Chipper Jones Retirement Talk: Why He's a First-Ballot Hall of Famer

Joel ReuterFeatured ColumnistMarch 14, 2012

ATLANTA - SEPTEMBER 15:  Chipper Jones #10 of the Atlanta Braves against the Washington Nationals at Turner Field on September 15, 2010 in Atlanta, Georgia.  (Photo by Kevin C. Cox/Getty Images)
Kevin C. Cox/Getty Images

With comments like, "I don't know if I can make it through this year," Chipper Jones made headlines earlier this week. And while he has since said that he was joking and put retirement talks on the back burner, there is no denying that the end is near for the soon-to-be 40-year-old.

He is entering the final guaranteed year of his current contract; the Braves hold a $7 million team option for 2013, which automatically bumps up to $9 millions if Jones appears in 123 games this coming season. So, if he stays healthy, it is conceivable that Jones could play next season at the very least.

Nonetheless, his body of work is impressive without adding anything more to it. If he were to retire today, he would be a sure-fire bet for the Hall of Fame and, in my opinion, a first-ballot Hall of Famer for a number of reasons.

First, let's take a look at how his career numbers stack up all time, and against third baseman with 3,000-plus career plate appearances.

BA: .304 (156th, ninth)
OBP: .402 (53rd, second) 
SLG: .533 (46th, first)
HR: 454 (33rd, third)
RBI: 1,561 (40th, third)
R: 1,561 (53rd, second)

Simply looking at that quick overview of his career stats shows that Jones was not only one of the greatest offensive third baseman of all time, but simply one of the greatest hitters to ever play the game.

Photo Credit:
Photo Credit:

As far as where he falls all time among third baseman, most would consider Mike Schmidt and George Brett to be the unquestioned 1-2 of that argument. But after that you could certainly place Jones in the running with the likes of Eddie Mathews, Wade Boggs and Brooks Robinson for No. 3.

To stop there and call Jones a top-10 third baseman hands down—and perhaps top-three—would be enough to call him a Hall of Famer, but his resume goes beyond his rank at his own position.

Jones is also one of the greatest switch-hitters to ever play the game, and a truly dual-talented hitter, as he holds identical .304 averages from each side of the plate. He is certainly in the category of Mickey Mantle, Eddie Murray and Pete Rose as truly elite switch-hitters, with Tim Raines and Lance Berkman worthy of mention as well.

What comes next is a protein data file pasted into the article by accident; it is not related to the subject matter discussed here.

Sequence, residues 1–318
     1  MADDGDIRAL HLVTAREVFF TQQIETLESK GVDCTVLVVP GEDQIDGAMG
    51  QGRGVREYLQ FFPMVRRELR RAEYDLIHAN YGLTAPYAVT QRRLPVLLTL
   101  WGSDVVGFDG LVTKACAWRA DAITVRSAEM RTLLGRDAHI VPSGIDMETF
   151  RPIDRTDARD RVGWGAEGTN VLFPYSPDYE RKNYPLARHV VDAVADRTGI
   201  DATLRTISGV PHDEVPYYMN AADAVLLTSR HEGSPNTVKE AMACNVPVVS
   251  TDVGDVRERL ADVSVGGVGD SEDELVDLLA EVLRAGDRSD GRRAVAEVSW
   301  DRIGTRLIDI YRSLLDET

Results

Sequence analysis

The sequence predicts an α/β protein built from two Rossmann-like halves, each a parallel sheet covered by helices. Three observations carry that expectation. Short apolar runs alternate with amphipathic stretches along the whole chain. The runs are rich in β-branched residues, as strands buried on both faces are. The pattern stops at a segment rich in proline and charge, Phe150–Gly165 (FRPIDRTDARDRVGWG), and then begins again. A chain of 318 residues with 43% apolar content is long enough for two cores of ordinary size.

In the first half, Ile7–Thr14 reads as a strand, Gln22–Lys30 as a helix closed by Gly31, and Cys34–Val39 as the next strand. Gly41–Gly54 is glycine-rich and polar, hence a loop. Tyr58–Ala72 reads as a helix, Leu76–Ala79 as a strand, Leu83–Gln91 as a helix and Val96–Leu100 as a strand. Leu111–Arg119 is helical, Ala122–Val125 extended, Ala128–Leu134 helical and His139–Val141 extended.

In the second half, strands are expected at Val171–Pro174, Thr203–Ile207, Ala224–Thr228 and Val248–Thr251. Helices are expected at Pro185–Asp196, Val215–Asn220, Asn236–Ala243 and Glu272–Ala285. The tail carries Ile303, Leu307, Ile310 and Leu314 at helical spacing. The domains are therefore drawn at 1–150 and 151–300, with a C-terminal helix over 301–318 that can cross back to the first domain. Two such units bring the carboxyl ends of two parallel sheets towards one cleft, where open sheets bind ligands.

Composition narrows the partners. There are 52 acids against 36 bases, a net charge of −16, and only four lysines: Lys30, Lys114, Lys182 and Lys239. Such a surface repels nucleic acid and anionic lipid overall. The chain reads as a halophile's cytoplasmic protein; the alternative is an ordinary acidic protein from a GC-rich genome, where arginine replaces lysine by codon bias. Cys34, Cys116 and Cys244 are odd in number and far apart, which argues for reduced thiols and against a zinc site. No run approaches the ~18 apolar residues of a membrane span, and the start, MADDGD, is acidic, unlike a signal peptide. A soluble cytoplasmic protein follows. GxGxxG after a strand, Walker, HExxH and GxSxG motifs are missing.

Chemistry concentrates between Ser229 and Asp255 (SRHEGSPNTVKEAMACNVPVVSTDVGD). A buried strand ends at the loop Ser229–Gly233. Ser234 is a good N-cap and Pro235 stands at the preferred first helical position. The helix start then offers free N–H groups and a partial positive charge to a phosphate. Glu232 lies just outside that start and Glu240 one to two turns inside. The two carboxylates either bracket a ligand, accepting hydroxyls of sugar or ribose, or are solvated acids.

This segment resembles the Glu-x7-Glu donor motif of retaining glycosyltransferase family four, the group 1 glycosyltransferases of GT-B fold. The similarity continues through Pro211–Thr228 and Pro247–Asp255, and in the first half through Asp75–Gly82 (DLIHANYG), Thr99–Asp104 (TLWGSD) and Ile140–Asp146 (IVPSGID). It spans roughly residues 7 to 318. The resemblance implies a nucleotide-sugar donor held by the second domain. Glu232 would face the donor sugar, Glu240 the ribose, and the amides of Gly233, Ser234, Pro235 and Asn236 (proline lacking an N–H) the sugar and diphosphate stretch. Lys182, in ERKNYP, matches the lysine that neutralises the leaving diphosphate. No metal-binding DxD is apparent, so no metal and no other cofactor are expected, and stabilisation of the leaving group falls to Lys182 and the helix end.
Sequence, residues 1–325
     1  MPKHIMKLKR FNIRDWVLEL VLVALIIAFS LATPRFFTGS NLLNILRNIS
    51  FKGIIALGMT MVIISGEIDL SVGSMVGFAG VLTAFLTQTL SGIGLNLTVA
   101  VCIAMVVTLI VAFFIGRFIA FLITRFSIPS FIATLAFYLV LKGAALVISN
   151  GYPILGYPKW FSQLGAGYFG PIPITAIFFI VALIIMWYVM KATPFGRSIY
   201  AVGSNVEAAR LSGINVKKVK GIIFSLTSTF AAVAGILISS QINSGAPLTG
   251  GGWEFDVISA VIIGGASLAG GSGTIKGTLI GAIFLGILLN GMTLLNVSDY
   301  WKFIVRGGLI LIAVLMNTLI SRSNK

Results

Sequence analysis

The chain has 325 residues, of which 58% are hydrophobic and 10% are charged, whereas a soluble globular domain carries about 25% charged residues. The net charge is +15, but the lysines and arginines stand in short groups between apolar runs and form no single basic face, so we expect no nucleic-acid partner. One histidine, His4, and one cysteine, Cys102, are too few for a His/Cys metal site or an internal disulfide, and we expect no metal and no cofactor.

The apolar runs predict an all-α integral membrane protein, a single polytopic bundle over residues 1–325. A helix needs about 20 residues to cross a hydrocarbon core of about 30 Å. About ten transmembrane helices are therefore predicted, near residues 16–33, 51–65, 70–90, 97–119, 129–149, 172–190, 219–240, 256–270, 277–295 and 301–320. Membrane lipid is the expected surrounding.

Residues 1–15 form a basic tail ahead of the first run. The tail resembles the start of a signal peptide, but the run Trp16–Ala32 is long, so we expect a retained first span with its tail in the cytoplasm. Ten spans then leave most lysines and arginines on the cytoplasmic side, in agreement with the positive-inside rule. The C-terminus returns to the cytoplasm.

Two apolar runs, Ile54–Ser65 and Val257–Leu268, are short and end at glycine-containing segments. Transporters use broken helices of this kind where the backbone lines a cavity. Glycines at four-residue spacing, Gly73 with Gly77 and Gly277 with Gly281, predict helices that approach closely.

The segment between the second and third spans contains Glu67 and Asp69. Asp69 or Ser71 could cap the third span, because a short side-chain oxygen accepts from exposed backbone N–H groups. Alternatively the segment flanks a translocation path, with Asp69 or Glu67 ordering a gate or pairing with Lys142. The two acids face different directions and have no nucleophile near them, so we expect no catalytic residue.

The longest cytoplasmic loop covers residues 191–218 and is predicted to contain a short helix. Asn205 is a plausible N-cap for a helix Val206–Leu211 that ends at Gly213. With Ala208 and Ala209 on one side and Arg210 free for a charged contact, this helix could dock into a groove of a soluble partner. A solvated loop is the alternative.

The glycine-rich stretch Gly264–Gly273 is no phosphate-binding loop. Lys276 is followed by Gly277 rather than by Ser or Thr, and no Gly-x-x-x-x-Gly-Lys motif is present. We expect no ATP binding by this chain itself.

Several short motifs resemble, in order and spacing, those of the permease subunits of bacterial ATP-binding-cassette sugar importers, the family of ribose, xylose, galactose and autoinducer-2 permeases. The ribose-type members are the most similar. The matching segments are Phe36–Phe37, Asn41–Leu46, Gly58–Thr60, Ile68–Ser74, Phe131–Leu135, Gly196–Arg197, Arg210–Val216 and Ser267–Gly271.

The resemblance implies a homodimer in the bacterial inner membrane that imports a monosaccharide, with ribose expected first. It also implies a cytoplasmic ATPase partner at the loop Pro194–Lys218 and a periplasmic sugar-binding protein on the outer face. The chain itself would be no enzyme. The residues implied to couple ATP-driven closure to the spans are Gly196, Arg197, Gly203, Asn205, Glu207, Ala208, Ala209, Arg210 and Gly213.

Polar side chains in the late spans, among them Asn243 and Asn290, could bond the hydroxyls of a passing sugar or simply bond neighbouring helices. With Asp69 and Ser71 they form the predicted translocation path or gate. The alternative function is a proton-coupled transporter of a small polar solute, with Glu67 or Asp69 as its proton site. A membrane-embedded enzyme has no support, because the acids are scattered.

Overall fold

While those statistics are hard to ignore, some people prefer the eye test and comparing a player to his contemporaries when deciding whether or not someone is Hall of Fame-caliber.

A seven-time All-Star, two-time Silver Slugger winner, 2008 batting champion, and 1999 NL MVP, Jones has the accolades to match his impressive numbers.

ST. LOUIS - OCTOBER 07:  Scott Rolen #27 of the St. Louis Cardinals strikes out swinging during Game Three of the National League Division Series against the San Diego Padres at Busch Stadium on October 7, 2006 in St. Louis,  Missouri.   (Photo by Dilip V
Dilip Vishwanat/Getty Images

As for contemporary third baseman, Jones shared his prime with guys like Scott Rolen, Vinny Castilla, Robin Ventura, Ken Caminiti, Aramis Ramirez, Wade Boggs, Matt Williams, Troy Glaus, Mike Lowell, Adrian Beltre, Travis Fryman and converted shortstops Cal Ripken and Alex Rodriguez.

Among that group, the only player who gives Jones a run for premier third baseman of the era would be Rolen, who was not only an offensive force, but a fantastic defender as well. But given Rolen's inability to stay healthy, it is safe to call Jones the best third baseman of his era.

Looking deeper at his playing days, though, Jones managed to establish himself as a legitimate superstar during the Steroid Era, yet there are no suspicions surrounding the Atlanta great. His longevity and consistency helped the Braves make the playoffs year in and year out, as Jones has compiled a line of .288 BA, 13 HR, 47 RBI in 11 postseasons.

So, not only does Jones pass the statistical comparison aspect of being Hall of Fame-worthy, but also the contemporary comparison that many people like to point to.

Of the current Hall of Fame third basemen, only George Brett (98.2 percent), Mike Schmidt (96.5 percent), Brooks Robinson (92.0 percent) and Wade Boggs (91.9 percent) received the required 75 percent of the vote for election their first time on the ballot. And once Jones decides to hang it up and becomes eligible, he should become the fifth member of that group.